Satan


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Related to Satan: Satanist, illuminati, Satana

Sa·tan

 (sāt′n)
n.
In Abrahamic religions, a powerful spiritual being, the tempter and persecutor of humanity, sometimes considered as an angel who rebelled against God and became the Devil.

[Middle English, from Old English, from Late Latin Satān, from Greek Satanas, Satān, from Hebrew śāṭān, devil, adversary, from śāṭan, to accuse, act as adversary; see śṭn in Semitic roots.]

Satan

(ˈseɪtən)
n
(Ecclesiastical Terms) the devil, adversary of God, and tempter of mankind: sometimes identified with Lucifer (Luke 4:5–8)
[Old English, from Late Latin, from Greek, from Hebrew: plotter, from sātan to plot against]

Sa•tan

(ˈseɪt n)

n.
the chief evil spirit and adversary of God and humanity; the devil.
[before 900; < Late Latin < Greek Satân, Satán < Hebrew śātān adversary]

Satan


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Another name for the Devil.
ThesaurusAntonymsRelated WordsSynonymsLegend:
Noun1.Satan - (Judeo-Christian and Islamic religions) chief spirit of evil and adversary of GodSatan - (Judeo-Christian and Islamic religions) chief spirit of evil and adversary of God; tempter of mankind; master of Hell
faith, religion, religious belief - a strong belief in a supernatural power or powers that control human destiny; "he lost his faith but not his morality"
Mohammedanism, Muhammadanism, Muslimism, Islam, Islamism - the monotheistic religious system of Muslims founded in Arabia in the 7th century and based on the teachings of Muhammad as laid down in the Koran; "Islam is a complete way of life, not a Sunday religion"; "the term Muhammadanism is offensive to Muslims who believe that Allah, not Muhammad, founded their religion"

Satan

Related words
fear Satanophobia
Translations
شَيْطان، إبْليس
satan
Satan
sátán
satan
sātans
satan

Satan

[ˈseɪtn] NSatanás m

Satan

[ˈseɪtən] nSatan m

Satan

nSatan m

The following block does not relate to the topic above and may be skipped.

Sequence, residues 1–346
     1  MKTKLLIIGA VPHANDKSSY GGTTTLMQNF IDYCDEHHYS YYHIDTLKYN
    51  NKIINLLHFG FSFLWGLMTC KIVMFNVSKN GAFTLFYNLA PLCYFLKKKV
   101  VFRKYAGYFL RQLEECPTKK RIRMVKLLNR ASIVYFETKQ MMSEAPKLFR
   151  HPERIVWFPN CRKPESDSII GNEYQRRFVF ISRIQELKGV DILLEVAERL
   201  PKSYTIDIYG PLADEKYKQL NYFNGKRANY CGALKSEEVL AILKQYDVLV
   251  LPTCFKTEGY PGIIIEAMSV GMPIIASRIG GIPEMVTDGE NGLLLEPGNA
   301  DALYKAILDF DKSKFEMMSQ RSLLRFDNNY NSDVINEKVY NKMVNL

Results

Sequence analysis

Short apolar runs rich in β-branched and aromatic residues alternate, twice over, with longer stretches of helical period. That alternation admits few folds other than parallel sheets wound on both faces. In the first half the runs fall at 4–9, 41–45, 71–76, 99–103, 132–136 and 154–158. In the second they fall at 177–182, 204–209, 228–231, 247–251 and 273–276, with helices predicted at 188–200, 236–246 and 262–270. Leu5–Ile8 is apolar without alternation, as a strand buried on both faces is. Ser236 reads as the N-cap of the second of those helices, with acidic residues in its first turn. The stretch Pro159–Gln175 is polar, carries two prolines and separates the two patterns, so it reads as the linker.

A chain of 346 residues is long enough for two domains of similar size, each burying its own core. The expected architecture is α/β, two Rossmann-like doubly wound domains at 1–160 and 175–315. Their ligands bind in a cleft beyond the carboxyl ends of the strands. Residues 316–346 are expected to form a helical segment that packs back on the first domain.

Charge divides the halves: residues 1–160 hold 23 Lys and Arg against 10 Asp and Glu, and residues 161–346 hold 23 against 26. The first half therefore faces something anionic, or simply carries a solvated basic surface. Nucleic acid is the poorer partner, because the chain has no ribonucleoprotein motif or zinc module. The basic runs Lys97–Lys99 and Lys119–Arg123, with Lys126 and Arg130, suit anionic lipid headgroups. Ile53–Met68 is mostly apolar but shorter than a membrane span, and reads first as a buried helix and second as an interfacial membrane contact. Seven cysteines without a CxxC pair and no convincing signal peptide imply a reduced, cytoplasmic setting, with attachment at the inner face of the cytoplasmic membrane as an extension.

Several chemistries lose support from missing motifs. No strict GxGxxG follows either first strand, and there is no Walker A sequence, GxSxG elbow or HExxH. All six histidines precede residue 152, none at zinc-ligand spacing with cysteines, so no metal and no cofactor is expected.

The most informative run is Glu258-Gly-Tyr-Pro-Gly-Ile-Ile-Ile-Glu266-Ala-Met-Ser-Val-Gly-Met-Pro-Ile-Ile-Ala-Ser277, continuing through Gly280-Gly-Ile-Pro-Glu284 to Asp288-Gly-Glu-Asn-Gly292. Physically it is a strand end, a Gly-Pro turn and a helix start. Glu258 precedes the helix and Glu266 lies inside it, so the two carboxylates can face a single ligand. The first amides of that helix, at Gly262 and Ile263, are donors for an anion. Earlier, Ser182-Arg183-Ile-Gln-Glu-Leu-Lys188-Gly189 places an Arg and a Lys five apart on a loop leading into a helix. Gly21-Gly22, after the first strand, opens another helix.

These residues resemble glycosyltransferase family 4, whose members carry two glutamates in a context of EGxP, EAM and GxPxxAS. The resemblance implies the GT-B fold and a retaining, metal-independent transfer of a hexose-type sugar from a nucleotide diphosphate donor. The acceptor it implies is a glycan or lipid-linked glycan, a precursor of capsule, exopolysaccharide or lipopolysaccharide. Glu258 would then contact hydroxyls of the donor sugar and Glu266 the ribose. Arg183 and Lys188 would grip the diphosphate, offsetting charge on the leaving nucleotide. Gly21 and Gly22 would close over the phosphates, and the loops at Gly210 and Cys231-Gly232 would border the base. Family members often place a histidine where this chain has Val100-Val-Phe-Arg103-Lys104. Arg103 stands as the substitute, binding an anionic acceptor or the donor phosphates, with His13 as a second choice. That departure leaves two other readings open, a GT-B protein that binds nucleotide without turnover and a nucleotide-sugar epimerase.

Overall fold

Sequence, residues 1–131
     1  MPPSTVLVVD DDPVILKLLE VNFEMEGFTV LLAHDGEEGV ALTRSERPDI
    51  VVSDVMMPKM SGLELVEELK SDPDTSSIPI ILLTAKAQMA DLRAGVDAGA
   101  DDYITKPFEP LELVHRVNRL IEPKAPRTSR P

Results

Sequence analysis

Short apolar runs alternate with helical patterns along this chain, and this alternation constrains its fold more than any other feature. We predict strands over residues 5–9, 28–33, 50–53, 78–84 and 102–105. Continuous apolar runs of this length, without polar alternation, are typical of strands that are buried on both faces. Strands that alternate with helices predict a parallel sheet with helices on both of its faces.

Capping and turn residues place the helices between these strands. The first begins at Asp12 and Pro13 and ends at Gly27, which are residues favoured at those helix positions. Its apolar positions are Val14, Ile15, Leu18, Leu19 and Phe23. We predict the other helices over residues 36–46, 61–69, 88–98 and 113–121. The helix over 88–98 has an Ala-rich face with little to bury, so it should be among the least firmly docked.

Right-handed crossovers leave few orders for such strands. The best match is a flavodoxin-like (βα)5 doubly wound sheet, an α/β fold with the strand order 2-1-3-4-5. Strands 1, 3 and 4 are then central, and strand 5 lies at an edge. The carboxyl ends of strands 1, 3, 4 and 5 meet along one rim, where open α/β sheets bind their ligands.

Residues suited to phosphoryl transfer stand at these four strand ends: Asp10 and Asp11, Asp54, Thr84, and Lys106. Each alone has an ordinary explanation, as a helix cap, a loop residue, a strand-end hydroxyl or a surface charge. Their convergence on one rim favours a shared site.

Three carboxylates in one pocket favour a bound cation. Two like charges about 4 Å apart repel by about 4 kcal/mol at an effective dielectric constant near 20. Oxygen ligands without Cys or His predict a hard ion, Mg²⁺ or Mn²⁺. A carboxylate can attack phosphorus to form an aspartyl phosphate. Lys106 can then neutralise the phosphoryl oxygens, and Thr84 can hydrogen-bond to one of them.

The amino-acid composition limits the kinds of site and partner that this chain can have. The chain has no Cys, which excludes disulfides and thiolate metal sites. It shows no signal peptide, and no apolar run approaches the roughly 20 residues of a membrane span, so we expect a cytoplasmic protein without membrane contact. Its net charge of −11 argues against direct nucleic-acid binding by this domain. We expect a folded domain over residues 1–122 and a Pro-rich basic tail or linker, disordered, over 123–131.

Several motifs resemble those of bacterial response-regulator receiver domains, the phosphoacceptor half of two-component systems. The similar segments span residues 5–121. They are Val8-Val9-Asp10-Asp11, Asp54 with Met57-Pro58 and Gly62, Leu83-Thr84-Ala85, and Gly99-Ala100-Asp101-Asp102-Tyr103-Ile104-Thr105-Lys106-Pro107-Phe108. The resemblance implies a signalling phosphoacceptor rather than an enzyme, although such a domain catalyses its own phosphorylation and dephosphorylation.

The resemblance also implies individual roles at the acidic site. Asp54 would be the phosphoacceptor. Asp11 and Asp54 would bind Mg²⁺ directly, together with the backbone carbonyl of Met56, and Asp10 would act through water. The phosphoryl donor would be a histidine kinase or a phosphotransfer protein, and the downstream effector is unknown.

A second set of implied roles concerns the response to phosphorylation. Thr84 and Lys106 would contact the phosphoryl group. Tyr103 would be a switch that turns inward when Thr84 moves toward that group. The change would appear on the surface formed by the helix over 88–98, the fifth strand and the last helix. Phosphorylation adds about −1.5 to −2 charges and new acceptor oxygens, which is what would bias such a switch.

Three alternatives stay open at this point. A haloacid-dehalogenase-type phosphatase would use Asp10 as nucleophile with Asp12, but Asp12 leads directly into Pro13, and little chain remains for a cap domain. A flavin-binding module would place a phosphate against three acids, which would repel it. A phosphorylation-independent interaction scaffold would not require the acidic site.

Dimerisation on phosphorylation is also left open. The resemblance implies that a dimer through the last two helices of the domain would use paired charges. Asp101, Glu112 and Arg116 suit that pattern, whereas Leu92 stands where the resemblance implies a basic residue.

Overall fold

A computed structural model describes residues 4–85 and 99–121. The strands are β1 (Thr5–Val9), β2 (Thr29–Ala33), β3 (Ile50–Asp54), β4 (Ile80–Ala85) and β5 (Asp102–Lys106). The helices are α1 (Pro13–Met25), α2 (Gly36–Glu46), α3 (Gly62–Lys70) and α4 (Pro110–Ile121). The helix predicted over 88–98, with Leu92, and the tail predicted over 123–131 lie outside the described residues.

Satan

[ˈseɪtn] nSatana m

Satan

(ˈseitən) noun
the Devil; the spirit of evil.
satanic (səˈtӕnik) , ((American) sei-) adjective
References in classic literature ?
Captain Young had landed Satan at the moment when the bridge-building gang had started along the beach.
In this the poet begins by telling of how Satan, in his pride, rebelled against God, and of how he was cast forth from heaven with all those who had joined with him in rebelling.
The chapters best adapted to female perusal are "Satan in the Hair Brush;" "Satan behind the Looking Glass;" "Satan under the Tea Table;" "Satan out of the Window'-- and many others.
For Satan, with sly preface to return, Had left him vacant, and with speed was gone Up to the middle region of thick air, Where all his Potentates in council sate.
'Stay, Satan, stay!' cried the preacher, as Kit was moving off.
"You'll take another whiskey and milk now," Kraft persuaded, with Satan's smile.
And may she feel, too -- what, methinks, is the very truth -- that this boon was meant, above all things else, to keep the mother's soul alive, and to preserve her from blacker depths of sin into which Satan might else have sought to plunge her!
He observed that, to him, this trance looked more like a visitation of Satan than a proof of divine favour, and exhorted his friend to see that he hid no accursed thing within his soul.
When I feel Satan near me--it will be such a means of grace to think of Mercy Merrick!
To whom th' Arch-Enemy, And thence in Heav'n call'd Satan, with bold words Breaking the horrid silence thus began.
"Should earth against my soul engage, And hellish darts be hurled, Then I can smile at Satan's rage, And face a frowning world.
It may be so, to such as you who know no righteousness, and no appointment except Satan's.